A-level Computer Science
General Certificate of Education in Computer Science
Available for students with the minimum requirements for Level 3 entry into NUAST.
1 x A Level
This is the traditional course that usually leads to studying Computer Science at University. You will develop an understanding of the main principles of solving problems using computers. You will also learn practical programming skills using Python and a range of alternative languages from different paradigms.
You will develop your computational thinking skills. The course covers:
- Fundamentals of programming
- Fundamentals of data structures
- Fundamentals of algorithms
- Theory of computation
- Fundamentals of data representation
- Fundamentals of computer systems
- Fundamentals of computer organisation and architecture
- Consequences of uses of computing
- Fundamentals of communication and networking
- Fundamentals of databases
- Big data
- Fundamentals of functional programming
- Systematic approaches to problem solving
- The computing practical project (Non-exam assessment)
The AS and A2 Level course consists of 2 papers. The AS papers do not contribute to the A2 grades. Both AS and A2 are standalone qualifications. AS is one year and A2 is two years in duration.
At present we only intend on running the full A2 level qualification which will be examined with the following examinations in June 2017 for the first time:
- Specification code: 7517
- QAN code: 601/4569/9
The examinations to be taken will involve the following:
This paper tests a student's ability to program, as well as their theoretical knowledge of Computer Science from subject content 1 to 4 above and the skills required from section 13 above.
Students answer a series of short questions and write/adapt/extend programs in an Electronic Answer Document provided by us. The exam board issues Preliminary Material, a Skeleton Program and, where appropriate, test data, for use in the exam. The paper is an on-screen exam with a duration of 2 hours 30 minutes and contributes to 40% of the email overall.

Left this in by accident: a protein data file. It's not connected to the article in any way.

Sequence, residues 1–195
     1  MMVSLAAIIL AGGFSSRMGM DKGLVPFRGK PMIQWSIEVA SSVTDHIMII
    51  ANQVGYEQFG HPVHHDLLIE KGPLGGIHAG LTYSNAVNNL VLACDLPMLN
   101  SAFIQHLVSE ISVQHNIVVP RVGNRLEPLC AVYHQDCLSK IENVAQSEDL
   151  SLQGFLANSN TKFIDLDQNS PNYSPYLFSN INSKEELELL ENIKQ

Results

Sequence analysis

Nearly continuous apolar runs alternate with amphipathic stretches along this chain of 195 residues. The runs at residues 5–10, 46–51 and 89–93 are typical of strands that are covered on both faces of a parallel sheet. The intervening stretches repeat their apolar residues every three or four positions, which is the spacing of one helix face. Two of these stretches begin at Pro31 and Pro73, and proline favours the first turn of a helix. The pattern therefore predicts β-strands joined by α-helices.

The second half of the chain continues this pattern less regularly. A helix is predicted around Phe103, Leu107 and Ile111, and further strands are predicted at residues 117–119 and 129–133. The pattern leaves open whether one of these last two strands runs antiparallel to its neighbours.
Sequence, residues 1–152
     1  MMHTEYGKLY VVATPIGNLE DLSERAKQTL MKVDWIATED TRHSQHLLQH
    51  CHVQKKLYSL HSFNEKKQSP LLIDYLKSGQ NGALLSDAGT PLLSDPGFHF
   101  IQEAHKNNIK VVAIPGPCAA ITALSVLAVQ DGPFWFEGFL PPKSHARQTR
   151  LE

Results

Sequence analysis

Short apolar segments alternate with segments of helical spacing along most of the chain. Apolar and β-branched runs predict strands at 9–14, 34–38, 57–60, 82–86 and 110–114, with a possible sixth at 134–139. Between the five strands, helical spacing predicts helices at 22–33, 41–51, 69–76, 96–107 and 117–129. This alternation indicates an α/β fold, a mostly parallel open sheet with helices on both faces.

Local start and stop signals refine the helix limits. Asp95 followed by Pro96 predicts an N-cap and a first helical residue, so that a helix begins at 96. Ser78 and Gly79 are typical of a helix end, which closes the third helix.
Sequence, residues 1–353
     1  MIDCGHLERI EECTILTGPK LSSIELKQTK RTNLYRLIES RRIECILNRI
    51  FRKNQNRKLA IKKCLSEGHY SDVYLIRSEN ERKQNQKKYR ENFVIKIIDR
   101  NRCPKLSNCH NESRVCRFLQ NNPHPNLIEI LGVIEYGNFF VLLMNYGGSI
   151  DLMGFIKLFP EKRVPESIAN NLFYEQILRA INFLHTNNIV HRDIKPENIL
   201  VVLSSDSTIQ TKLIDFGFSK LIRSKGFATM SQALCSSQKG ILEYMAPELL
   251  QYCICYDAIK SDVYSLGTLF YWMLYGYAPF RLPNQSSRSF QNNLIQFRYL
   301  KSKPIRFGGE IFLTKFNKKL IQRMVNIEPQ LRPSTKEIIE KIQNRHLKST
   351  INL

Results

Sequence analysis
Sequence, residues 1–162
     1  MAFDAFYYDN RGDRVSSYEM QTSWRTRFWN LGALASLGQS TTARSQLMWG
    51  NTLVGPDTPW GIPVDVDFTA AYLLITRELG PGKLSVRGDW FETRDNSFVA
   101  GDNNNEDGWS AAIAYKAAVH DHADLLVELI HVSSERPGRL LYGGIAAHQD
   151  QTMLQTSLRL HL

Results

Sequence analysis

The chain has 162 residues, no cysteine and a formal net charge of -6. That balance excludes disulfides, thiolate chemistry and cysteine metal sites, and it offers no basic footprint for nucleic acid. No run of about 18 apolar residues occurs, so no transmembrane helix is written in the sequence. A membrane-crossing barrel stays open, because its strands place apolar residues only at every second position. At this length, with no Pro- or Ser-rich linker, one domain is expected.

This paper tests a student's ability to program, as well as their theoretical knowledge of Computer Science from subject content 5 to 12 above.
Students answer compulsory short-answer and extended-answer questions. The paper is a written exam with a duration of 2 hours 30 minutes and contributes to 40% of the email overall.
Non-exam assessment (Final Year Project)
The non-exam assessment assesses student's ability to use the knowledge and skills gained through the course to solve a practical problem. Students will be expected to follow a systematic approach to problem solving, as shown in section 14 above. The assessment will contribute to 20% of the overall qualification.
The project will form a large part of the second year and students will be required to independently establish a working relationship with a realistic client in which to develop a software solution involving a range of technology and techniques.
This course is aimed at students wanting a specialist computing qualification prior to studying computer science or a similar degree and demands fairly high levels of logic or mathematical ability.
To study at Level 3, you will need a Grade A*-C in both GCSE English and GCSE Mathematics plus three other GCSE or equivalent qualifications.
Portfolio of Evidence - Practical Examination, Written Examination
This qualification forms part of the entry requirements for progression to higher education or employment. The qualification can be counted as points or grades for entry.
Computing is a practical subject which will serve you well if you’re looking to follow a similarly practical subject while at University. You will have learnt how to approach problem solving in a methodical way, and this means that you will be able to apply these skills at University or if you choose to apply for a job. Degree subjects that you may want to apply for include engineering, computer science, or even combining one of these with another subject.
"I chose to study Computing because it is real life computing and you get to learn how computers work as opposed to just using them for work. I particularly enjoyed the programming element of the course and intend to continue my computing studies at university once I have finished my A levels."
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